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Otto Graham
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Football Player
    (December 6, 1921-December 17, 2003)
    Born in Waukegan, Illinois
    Died in Sarasota, Florida
    Quarterback for the Cleveland Browns (1946 - 1955)
    Head coach of the Washington Redskins (1966 - 1968)
    Head coach of the United States Cost Guard Academy's football team (1959-1965)
    Five-time Pro Bowl Selection
    Nine-time All-Pro Selection
    Three-time UPI NFL MVP (1951, 1953, 1955)
    Two-time AAFC MVP (sole winner in 1947, co-winner in 1948)
    Chosen to the NFL's 75th Anniversary Team and 1950's All-Decade Team
    Member of the Pro Football Hall of Fame (inducted in 1965)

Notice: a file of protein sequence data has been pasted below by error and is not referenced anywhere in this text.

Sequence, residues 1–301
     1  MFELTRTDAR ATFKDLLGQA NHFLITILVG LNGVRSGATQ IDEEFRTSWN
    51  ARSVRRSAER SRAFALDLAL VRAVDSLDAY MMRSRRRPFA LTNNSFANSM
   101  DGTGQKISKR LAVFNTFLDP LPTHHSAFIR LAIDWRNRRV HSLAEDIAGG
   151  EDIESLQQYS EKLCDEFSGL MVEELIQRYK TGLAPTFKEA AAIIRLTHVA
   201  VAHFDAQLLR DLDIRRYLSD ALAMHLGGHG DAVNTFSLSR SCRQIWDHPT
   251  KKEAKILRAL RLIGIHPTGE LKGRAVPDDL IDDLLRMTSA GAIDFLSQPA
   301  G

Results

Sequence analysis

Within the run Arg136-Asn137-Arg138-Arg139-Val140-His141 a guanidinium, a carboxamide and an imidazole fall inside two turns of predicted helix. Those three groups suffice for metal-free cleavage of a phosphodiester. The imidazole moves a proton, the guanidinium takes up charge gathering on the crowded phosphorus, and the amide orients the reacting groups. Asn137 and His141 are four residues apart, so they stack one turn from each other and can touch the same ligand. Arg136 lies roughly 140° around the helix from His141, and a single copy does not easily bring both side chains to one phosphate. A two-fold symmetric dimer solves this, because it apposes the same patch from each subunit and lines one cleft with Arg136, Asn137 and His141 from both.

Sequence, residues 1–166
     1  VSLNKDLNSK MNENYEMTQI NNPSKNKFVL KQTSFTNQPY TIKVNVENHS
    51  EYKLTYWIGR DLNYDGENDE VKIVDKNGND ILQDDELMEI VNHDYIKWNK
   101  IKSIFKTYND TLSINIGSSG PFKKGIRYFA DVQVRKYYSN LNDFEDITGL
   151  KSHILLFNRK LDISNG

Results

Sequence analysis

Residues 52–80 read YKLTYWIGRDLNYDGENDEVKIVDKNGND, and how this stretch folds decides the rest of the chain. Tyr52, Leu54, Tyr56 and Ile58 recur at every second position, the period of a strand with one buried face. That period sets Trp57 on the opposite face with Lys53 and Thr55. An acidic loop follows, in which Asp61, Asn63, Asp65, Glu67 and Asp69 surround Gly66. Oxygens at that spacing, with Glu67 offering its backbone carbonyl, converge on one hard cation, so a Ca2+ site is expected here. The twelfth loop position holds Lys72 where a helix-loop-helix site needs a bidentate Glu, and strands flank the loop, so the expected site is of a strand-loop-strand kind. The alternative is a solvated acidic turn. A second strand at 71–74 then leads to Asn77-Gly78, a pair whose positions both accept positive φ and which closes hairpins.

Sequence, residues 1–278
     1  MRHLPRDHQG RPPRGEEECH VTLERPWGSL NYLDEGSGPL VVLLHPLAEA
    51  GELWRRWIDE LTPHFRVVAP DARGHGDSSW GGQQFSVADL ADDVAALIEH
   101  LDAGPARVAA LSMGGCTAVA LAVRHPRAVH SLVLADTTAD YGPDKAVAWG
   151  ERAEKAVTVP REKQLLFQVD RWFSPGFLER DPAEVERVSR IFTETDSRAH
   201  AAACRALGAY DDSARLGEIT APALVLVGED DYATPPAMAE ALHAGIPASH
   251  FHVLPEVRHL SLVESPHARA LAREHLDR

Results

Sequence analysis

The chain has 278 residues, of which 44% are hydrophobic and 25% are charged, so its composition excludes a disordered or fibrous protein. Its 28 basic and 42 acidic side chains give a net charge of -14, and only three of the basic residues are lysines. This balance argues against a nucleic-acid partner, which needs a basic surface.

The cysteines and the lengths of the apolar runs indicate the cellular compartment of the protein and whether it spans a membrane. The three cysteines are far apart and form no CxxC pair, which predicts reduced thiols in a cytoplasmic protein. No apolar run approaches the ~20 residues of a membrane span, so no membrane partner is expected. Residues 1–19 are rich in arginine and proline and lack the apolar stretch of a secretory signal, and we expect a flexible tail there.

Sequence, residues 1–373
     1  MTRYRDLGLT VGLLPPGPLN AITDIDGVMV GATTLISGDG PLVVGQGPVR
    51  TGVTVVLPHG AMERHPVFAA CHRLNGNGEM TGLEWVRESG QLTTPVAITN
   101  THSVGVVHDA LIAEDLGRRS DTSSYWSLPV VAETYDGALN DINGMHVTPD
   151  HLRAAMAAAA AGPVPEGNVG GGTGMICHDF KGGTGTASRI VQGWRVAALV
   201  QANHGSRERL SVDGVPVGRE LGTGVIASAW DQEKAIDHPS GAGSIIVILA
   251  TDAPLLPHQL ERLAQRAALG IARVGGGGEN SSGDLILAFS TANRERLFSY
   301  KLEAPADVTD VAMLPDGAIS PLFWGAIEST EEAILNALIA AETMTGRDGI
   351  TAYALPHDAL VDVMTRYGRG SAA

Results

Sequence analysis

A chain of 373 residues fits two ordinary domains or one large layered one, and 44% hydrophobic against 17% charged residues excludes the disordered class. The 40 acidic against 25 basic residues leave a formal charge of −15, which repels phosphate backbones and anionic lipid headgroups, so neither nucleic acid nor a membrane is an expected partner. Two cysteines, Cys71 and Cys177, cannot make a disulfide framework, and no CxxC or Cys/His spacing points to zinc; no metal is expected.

Given the state of the Browns, you would be hard pressed to believe he led them to so much success.
    He was influenced into playing another season of football after he announced he would be retiring the year before.
    His college football career started after their football coach saw him play in an intramural game as a freshman.
    He had an unsuccessful three years as Washington Redskins head coach, taking the job after Vince Lombardi declined an offer. Lombardi would take over after he resigned.
    Every single season he played professional football, he was in a championship game.
    He was an All-American in basketball, and in his only season in professional basketball, he won a title with the Rochester Royals of the National Basketball League.
    An injury he suffered during one game helped influence the creation of football's facemask.
    He was a multitalented musician, playing the violin, cornet, piano and French horn. He even won an Illinois state championship playing the French horn in high school.
    After having surgery for colorectal cancer, he was active speaking about cancer awareness.
    He ranked #86 in ESPN's SportsCentury list of the 20th century's greatest North American athletes (1999).

Credit: whiff boy

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